Unlocking the secrets of a tiny insect’s genetic make-up or, as in a recent case, of a particular species of exotic butterfly can change the way science thinks about evolution forever.
“We had two butterflies, different species but the same complicated wing pattern,” he explains. “These butterflies are perfect examples of Darwin’s theory of evolution by natural selection. They had developed markings which advertised themselves as being nasty and unpalatable, and the birds had learned not to eat them.
“It’s a leap of faith for biologists to state that these two wing patterns evolved to become like each other. But mating between species provides a sterile offspring. Some people have spent their entire research lives trying to figure it all out and now we have an answer.”
Four years ago in a worldwide project, a male Postman butterfly’s genetic printout was analysed until a 150-year-old riddle was solved.
“When you compare their genomes, you find the colour pattern genes are more similar than you would expect even by the wildest of chances, a one in a billion billion billion chance.
“The guy who did that element of it was too excited to speak. Our jaws dropped. This had to be a big change, an exchange of genes, and it had to be in the recent past.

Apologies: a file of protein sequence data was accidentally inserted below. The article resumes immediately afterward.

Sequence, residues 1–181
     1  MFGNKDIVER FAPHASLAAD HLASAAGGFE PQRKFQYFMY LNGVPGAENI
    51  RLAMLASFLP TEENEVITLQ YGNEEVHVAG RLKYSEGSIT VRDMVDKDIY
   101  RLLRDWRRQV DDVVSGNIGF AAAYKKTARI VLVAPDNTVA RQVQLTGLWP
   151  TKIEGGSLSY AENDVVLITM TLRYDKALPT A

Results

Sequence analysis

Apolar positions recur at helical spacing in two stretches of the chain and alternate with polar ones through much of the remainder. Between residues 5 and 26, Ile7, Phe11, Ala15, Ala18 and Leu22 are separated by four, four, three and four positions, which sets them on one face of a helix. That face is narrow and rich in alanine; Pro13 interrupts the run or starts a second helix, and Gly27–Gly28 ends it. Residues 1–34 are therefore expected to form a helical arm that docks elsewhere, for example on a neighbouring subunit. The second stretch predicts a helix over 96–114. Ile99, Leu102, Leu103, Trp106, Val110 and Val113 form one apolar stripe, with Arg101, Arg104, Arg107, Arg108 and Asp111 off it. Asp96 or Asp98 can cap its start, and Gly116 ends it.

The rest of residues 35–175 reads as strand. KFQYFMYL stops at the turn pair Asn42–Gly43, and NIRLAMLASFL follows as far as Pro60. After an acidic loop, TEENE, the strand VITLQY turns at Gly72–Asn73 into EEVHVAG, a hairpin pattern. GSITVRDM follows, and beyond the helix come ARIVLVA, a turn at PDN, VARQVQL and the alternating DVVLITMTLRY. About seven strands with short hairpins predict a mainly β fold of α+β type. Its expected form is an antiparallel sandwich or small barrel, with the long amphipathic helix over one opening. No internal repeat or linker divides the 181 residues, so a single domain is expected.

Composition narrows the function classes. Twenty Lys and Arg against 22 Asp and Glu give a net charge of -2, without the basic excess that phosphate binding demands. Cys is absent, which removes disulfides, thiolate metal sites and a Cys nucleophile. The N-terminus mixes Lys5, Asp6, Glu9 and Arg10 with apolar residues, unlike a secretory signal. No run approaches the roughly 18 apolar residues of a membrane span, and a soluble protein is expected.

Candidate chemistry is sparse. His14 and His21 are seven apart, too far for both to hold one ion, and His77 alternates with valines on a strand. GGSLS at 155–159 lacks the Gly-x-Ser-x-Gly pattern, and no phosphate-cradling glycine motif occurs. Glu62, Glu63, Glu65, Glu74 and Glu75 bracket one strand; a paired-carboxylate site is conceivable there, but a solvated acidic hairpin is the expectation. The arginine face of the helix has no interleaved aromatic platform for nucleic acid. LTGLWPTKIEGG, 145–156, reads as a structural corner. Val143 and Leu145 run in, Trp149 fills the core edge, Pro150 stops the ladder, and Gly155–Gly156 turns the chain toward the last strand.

“Two of these butterflies mated, one of the offspring carried the colour pattern gene and was able to mate with others in its species. Suddenly, two butterflies were like each other. It was shocking because species are not meant to do that.”
And, says Prof Blaxter, it raises a whole raft of questions about our own genetic make-up. “It suggests that there’s this pattern of sharing of genes between species that could be more common than we thought and might be a very important part of the evolution process,” he smiles.
“If it happened to butterflies, could it be happening in lots of places?”
THE human genome of 23 chromosomes is estimated to be around 3.2 billion base pairs long and contain up to 25,000 genes.
Ten years ago, it cost £3 billion to sequence the human genome and required the world’s largest computer. But today’s powerful sequencing computers have shrunk to the size of photocopiers, and a challenge that previously took years can be rattled out in hours.
“Sequencing has become about a 100,000 times cheaper,” says Professor Mark Blaxter, whose Blaxter Lab houses the School of Biological Services Sequencing Service.
“I sequenced 3000 letters of a genome of a small parasite that causes a nasty disease in India for my PhD. Cutting edge at the time, it took three years to do. The machines we use today can sequence 300 billion bases in ten days. It’s now cheap, accessible and there are all sorts of possibilities with this technology.”
The lab has two large machines which can sequence the genetic make-up of ten people every two days, plus a smaller one working at a slightly slower pace.
However, the link with the world’s biggest genomics organisation, China-based BGI, means the likelihood of fresh investment and more equipment at the laboratory.